B.C. captured their first win of the tournament with a commanding 71-27 victory against Southern Ontario. Jack Kosterman, Deion Green and Ross MacDonald got off to a great start in the first half of the game before turning the offensive over to Avril Harris in the final two frames. Kosterman finished with a game-high 15 points for the Royals, while Green and Harris kept pace with 14 points each, and MacDonald had 11 points. Once again the Suns relied on Kevin Wakeling who led his squad with 12 points.
Game 9 – Gladiateurs de Laval 76 vs. Vaughn City Lashers 53
Laval had another strong offensive output putting up 76 points against the Lashers to capture their second win of the tournament by a score of 76-53. Carl Pelletier paced the Gladiateurs with 19 points, while Marc-Antoine Ducharme and Yvon Rouillard looked sharp with 17 points each. The Lashers responded with Chris Stoutenburg’s game-high output of 22 points, while Chantal Benoit continued to put the ball in basket tallying 16 points in the loss.
Game 10- Bulldogs de Quebec 80 vs. Saskatchewan Paratroopers 39
The Bulldogs unleashed some of their offensive punch when they defeated the Paratroopers 80-39 to improve their record to two wins. Maxime Poulin dominated the floor with 23 points, while rising stars Jonathan Vermette and Vincent Dallaire combined for 24 points. Reid Richard led the Paratroopers with 10 points. Gabby Roberts-Winter and Brody Johb scored eight points apiece.
Game 11 – BC Royals 66 vs. Variety Village Rebels 53
B.C. found themselves trailing 20-14 at the end of the first quarter in their match against Variety Village but a steady diet of Deion Green, Jon Vliegenthart, and Amanda Yan helped them right the ship in the second half of the game. Green led the comeback with 18 points, while Vliegenthart and Yan scored nine points and eight points, respectively, to overtake their opponent. Jesse McNalley continued to wield a hot hand for Variety Village scoring 14 points in the first quarter of their match against the Royals. His pace would inevitably slow, but he did finish the game with a match-leading 25 points. His teammate James Treuer remained more consistent accumulating his 20 points in bunches throughout the four quarters.
Game 12 – Alberta Northern Lights 64 – Saskatchewan Club ’99 56
Bradon Doll and Willy Moronchuk took over the attack to help propel the Northern Lights 64-56 over Club ’99. Doll scored 15 points in the second half as part of his game-leading, 23-point effort, while Moronchuk hit four consecutive free-throws to cap-off his 19-point night. Club ’99 once again looked to Blaine Hancock and Gregg Johnstone for their offensive gifts. They combined for 31 of Saskatchewan’s points.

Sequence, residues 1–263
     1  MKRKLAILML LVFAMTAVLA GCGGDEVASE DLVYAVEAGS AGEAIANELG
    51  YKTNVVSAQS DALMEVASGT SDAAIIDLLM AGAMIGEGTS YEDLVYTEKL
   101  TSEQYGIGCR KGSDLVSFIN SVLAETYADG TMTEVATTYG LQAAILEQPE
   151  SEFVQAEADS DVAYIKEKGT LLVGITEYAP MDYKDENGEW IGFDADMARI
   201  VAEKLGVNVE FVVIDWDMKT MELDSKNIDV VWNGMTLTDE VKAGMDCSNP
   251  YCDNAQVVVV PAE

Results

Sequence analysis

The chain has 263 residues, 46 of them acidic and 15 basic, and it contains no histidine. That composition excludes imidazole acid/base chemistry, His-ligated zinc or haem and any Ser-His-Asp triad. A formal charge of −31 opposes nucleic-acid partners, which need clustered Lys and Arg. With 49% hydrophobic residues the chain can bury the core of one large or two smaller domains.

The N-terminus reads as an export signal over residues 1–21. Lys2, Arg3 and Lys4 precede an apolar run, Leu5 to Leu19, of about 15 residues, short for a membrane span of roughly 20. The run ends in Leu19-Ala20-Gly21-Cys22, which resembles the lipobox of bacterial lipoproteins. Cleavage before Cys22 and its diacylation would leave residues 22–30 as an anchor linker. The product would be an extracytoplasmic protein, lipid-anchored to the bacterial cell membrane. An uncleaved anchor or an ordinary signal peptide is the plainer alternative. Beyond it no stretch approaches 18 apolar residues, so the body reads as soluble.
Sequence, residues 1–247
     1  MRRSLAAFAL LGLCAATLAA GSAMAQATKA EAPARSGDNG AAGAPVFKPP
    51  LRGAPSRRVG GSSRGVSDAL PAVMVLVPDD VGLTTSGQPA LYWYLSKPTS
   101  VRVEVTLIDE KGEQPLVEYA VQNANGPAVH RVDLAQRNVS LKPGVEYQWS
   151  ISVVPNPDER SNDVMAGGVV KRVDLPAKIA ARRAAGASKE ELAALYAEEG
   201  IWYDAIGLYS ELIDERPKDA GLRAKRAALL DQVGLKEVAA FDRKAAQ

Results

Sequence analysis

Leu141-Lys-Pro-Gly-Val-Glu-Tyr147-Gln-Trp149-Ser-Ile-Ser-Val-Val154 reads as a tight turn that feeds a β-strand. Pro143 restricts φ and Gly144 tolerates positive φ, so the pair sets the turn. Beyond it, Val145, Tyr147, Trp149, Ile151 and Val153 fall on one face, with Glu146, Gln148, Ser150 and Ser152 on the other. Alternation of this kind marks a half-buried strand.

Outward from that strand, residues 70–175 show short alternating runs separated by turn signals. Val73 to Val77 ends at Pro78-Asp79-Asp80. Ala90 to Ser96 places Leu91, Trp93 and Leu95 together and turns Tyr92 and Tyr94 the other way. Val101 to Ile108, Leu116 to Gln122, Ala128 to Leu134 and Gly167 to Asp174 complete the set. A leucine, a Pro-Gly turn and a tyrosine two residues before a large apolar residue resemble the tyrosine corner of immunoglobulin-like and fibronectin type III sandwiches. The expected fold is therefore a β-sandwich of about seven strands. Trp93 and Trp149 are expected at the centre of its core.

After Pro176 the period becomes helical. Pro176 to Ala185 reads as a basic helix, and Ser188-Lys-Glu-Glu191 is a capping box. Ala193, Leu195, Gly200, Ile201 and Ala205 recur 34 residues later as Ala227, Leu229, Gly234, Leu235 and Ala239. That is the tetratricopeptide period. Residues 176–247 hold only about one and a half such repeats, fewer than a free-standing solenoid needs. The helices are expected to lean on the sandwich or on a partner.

Day 2 Preview:
- Quarter-final #1 – Gladiateurs de Laval (2-0) vs. Saskatchewan Paratroopers (1-1) at 9 a.m. ET
- Quarter-final #2 – Bulldogs de Quebec (2-0) vs. Twin City Spinners (1-1) at 9 a.m. ET
- Quarter-final #3 – BC Royals (2-0) vs. Saskatchewan Club ’99 (1-1) at 11 a.m. ET
- Quarter-final #4 – Alberta Northern Lights (2-0) vs. Variety Village Rebels (1-1) at 11 a.m. ET
- Consolation #1- Vaughan City Lashers (0-2) vs. London City Flyers (0-2) at 1 p.m. ET
- Consolation #2 – Burlington Vipers (0-2) vs. Southern Ontario Suns (0-2) at 1 p.m. ET
- Placement Games #1 and #2 (TBD) at 3 p.m. ET
- Semifinals #1 and #2 (TBD) at 5 p.m. ET
The weekend festivities also include Wheelchair Basketball Canada’s annual awards banquet, where former player and five-time Paralympian Roy Henderson and long-time official Trevor Kerr enter into the Hall of Fame.
Competition continues through the weekend and wraps up with a medal ceremony following the gold medal game Sunday April 6 at 2 p.m. ET. Burlington Mayer Rick Goldring and City Councillor Blair Lancaster will be on hand for the ceremonial tip-off prior to the gold medal game.
About the Canadian Wheelchair Basketball League
The Canadian Wheelchair Basketball League (CWBL) was founded in 1986 and has two primary divisions: the Open division and the Women’s division. The league features wheelchair basketball club teams from across Canada and culminates each season with a national championship for both the Open and Women’s divisions.
The league is fully integrated as both divisions welcome athletes with a disability as well as able-bodied athletes to play in the spirit of competition. It often features some of the country’s best wheelchair basketball players, including past, present and future members of Team Canada.